The National Assembly of the Republic of Djibouti and the Standing Committee on Foreign Affairs of Pakistan's National Assembly passed resolutions, on 11 January and 2 February respectively, condemning the occupation of Azerbaijani territories by Armenia and genocide committed by the Armenian armed forces against civilian population in the Azerbaijani town of Khojaly on 26 February 1992. The resolutions recognized Khojaly massacre as an act of genocide and crime against humanity and declared that those responsible must be punished according to relevant international instruments. The resolutions demanded the implementation of the resolutions adopted by the UN General Assembly, Security Council as well as other international organizations urging the immediate, complete and unconditional withdrawal of the Armenian armed forces from the occupied territories of Azerbaijan, and called on the international community and international organizations to put pressure on Armenia to implement these resolutions.

Thus, work to ensure promotion and recognition of Khojaly genocide has been yielding tangible results, and the process is gathering pace. This is certainly the result of outstanding policy conducted by the Azerbaijani government, which is of crucial importance in increasing the international community`s awareness of Armenia`s military aggression against Azerbaijan.

The aggressor country has been conducting its policy of occupation in front of the eyes of the world community for 25 years. Having created a mono-ethnic state, the leadership of Armenia occupied Nagorno-Karabakh (4,4000 square km), and Lachin, Kalbajar, Agdam, Fuzuli, Jabrayil, Qubadli and Zangilan districts located beyond the border of and measuring four times bigger than the Nagorno-Karabakh region itself. The Armenians conducted ethnic cleansing in all these regions. Armenia is trying to present its territorial claims to the Nagorno-Karabakh as an attempt of the Armenian community in this region "to determine its fate". This resulted in the expulsion of over million people (15 per cent of the total population) from Azerbaijan`s occupied lands, who became refugees and IDPs.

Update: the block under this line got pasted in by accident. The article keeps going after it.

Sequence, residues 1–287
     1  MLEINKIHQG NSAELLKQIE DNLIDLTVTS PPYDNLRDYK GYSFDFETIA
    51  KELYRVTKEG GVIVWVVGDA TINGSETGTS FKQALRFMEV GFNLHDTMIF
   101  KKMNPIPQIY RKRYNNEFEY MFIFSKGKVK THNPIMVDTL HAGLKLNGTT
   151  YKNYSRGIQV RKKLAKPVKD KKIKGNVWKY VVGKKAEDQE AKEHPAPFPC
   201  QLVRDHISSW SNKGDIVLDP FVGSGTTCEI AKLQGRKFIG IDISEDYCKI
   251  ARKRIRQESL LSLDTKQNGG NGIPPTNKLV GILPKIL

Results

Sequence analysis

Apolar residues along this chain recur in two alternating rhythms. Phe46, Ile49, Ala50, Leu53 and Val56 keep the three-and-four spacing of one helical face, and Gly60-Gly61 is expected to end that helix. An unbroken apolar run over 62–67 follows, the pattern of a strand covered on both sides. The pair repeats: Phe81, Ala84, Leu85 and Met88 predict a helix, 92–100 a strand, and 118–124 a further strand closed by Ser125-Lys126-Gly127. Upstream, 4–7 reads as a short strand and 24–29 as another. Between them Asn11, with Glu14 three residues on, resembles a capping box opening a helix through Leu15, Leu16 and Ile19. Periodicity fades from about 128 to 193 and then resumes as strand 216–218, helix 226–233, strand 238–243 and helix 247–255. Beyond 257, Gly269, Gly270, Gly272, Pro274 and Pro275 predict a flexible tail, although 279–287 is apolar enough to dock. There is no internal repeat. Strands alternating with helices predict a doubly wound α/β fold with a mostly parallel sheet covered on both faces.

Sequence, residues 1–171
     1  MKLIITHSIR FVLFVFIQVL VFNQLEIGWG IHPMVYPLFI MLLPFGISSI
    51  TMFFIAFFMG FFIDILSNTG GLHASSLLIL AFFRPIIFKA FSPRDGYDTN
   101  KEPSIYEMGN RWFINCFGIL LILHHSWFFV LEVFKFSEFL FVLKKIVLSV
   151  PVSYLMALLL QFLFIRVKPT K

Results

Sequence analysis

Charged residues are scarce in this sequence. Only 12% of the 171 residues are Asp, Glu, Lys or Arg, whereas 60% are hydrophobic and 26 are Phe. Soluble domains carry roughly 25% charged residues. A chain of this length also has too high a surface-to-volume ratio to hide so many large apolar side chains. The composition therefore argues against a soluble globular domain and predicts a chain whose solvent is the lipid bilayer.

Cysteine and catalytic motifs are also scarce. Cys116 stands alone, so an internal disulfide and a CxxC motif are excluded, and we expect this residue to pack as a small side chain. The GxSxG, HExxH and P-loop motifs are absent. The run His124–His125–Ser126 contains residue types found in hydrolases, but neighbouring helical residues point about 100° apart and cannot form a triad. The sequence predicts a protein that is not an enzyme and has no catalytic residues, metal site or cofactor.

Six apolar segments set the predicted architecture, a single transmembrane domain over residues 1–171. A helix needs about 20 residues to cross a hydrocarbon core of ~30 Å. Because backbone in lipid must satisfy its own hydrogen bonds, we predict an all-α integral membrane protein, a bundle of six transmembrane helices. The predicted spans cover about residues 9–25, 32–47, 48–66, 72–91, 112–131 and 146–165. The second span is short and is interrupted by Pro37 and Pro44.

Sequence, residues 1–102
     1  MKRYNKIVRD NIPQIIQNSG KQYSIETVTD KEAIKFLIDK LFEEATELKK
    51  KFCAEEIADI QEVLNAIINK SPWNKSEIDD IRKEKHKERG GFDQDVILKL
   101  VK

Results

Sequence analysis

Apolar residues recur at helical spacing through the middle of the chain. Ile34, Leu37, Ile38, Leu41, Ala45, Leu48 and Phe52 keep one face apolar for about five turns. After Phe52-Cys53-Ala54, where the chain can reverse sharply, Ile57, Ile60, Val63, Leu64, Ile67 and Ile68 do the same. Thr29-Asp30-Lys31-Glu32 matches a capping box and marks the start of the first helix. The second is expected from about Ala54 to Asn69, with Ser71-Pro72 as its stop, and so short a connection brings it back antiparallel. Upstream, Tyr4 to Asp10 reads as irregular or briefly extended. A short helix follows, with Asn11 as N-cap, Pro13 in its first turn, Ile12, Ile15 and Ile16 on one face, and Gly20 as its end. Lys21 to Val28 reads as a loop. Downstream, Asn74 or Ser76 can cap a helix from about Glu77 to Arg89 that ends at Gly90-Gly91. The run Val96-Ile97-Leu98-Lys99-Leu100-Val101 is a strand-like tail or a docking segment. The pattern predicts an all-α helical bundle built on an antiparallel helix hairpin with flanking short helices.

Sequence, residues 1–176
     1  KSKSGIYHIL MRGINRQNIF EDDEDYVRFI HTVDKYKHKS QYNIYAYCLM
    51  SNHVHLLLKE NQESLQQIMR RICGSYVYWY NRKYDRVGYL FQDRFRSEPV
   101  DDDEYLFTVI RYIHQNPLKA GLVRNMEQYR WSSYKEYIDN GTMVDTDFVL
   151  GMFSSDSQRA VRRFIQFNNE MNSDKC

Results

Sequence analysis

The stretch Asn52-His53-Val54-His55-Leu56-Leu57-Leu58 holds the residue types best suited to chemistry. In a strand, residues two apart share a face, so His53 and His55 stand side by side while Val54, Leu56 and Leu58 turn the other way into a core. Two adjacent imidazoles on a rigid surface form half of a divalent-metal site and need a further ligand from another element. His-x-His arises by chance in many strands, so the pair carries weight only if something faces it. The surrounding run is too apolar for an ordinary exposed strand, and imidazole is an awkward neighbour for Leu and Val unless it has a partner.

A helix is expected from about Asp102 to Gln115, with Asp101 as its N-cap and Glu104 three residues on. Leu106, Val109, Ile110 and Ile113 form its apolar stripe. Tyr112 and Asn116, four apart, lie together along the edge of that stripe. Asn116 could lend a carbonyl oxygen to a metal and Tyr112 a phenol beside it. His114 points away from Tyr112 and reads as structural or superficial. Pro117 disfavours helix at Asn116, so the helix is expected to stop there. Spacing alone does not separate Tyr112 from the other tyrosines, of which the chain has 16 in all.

At all stages of history the Armenians` policy of occupation has been accompanied by mass political killings. Thus, more than 20,000 Azerbaijanis were killed, more than 100,000 were wounded, 50,000 became disabled as a result of Armenia`s military aggression from 1988 to 1993. 373 terrorist acts were committed by Armenia, which pursues the policy of state terrorism and genocide, and the separatist regime in the occupied territories of Azerbaijan (in passenger buses, passenger and freight trains, Baku subway, air transport, passenger ferry, residential areas, civil and public facilities), killing 1,200 people and injuring 1,705 others.

Twenty per cent of Azerbaijan`s territory is now under occupation. As a result of occupation nearly 900 residential areas, 22 museums and four art galleries, nine historically important palaces, 40,000 museums, 44 temples and nine mosques were destroyed, plundered and burnt. In addition, 927 libraries, 4.6 million books and valuable historic manuscripts were annihilated. According to estimations, apart from moral and psychological damage, Azerbaijan`s economy suffered around $320 billion loss.

The aforementioned facts shed light on Armenia`s policy of aggression. One of the facts testifying to continuity of Armenia`s criminal policy is that in the 20th century alone the Armenian nationalists committed genocide and ethnic cleansing against the Azerbaijanis four times – in 1905-1906, 1918-1920, 1948-1953 and 1988-1993. Under international law, genocide is an act against peace and humanity, and is considered the most serious crime. On 9 December 1948, the United Nations General Assembly adopted a resolution No 260 (III) on the Prevention and Punishment of the Crime of Genocide. The Convention on the Prevention and Punishment of the Crime of Genocide, which came into effect in 1961, defined the legal aspects of the crime of genocide. By conducting military aggression against Azerbaijan, Armenia violated all clauses of this convention.

In an executive order commemorating the 20th anniversary of Khojaly genocide, President Ilham Aliyev said: "The truth behind Khojaly genocide, which was part of the ethnic cleansing policy that the Armenian chauvinist circles pursued against the Azerbaijanis stage-by-stage in the 19th-20th centuries, must be made known to the world community, parliaments of foreign countries, and this serious military crime committed against the Azerbaijani people and entire humanity must be internationally recognized."